Closed-loop mobile wallets are merchant-specific—for instance, Starbucks offers a closed-loop mobile wallet, as do Dunkin Donuts, Cumberland Farms, and McDonald’s. These closed-loop wallets are often apps downloaded from the iOS or Android store and thus are what most people would consider a true mobile payment app. Consumers can load up their wallet with dollars by creating an account with the merchant and using credit cards, gift cards, PayPal, and the like, or attach them to a bank account. Quick-service operators may like closed-loop mobile wallets because they can track purchases and data and add services such as a loyalty program and rewards tracking. Consumers like them, too: According to a March 2014 Federal Reserve study, 17 percent of all smartphone users made a point-of-sale payment using their mobile phone in the past 12 months, up from 6 percent in 2012.

What quick-service restaurants need to accept mobile wallet payments

On the payee side, quick serves typically have either fixed terminals, mobile point of sale (mPOS) solutions enabling consumers to pay for items via a merchant-owned mobile device, or both. The latter is gaining in popularity, but much like some U.S. households are abandoning landlines in favor of mobile phones, many smaller quick serves are going right to mPOS. And with data showing that more than half of small businesses have no means of accepting credit cards at all, mPOS is an easy and affordable entry point for merchants to start running card-based transactions.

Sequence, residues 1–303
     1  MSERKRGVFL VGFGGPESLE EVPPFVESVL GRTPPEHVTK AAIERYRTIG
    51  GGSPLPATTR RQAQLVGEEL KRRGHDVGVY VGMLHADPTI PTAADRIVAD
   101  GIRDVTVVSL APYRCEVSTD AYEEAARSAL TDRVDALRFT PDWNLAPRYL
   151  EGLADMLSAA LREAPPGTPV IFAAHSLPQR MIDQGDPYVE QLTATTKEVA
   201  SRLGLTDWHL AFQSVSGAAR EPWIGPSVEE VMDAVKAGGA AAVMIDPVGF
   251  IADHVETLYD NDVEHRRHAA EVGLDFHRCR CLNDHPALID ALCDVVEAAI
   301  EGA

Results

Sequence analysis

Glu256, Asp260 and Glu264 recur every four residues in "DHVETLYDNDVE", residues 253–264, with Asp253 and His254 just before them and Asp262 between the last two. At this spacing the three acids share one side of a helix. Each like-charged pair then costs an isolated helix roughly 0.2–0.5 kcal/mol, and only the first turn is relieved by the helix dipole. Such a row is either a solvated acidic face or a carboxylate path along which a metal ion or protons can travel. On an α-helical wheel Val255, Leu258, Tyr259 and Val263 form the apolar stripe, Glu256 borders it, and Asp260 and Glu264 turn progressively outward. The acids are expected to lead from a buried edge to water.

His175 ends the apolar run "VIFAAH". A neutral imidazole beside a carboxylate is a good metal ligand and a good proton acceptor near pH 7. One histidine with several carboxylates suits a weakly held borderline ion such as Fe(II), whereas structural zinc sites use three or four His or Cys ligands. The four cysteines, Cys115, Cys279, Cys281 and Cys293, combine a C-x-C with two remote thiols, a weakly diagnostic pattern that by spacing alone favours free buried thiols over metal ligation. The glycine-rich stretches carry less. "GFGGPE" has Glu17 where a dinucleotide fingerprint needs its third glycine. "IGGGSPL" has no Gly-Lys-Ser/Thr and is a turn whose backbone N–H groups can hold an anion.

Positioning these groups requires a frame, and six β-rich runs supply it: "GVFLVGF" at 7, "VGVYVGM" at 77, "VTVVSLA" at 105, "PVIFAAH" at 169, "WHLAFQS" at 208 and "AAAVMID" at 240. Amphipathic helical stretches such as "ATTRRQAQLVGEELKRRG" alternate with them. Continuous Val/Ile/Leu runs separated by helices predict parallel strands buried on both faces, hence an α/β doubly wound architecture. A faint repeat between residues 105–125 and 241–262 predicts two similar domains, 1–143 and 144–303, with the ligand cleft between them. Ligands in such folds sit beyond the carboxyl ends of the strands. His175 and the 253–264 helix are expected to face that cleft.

Early forms of mPOS solutions were narrow in scope, and involved a dongle that plugged into a smartphone or tablet. The vendor usually acted as a payment service provider and processed transactions, deducting a fee for each one. There were no tie-ins with a merchant’s payment infrastructure or other backend software such as inventory or loyalty programs.

Recently, more advanced mPOS solutions have emerged that not only process cards, but also offer a host of other capabilities, including the ability to:

  • Process additional payment types, such as NFC, chip and signature, and chip and PIN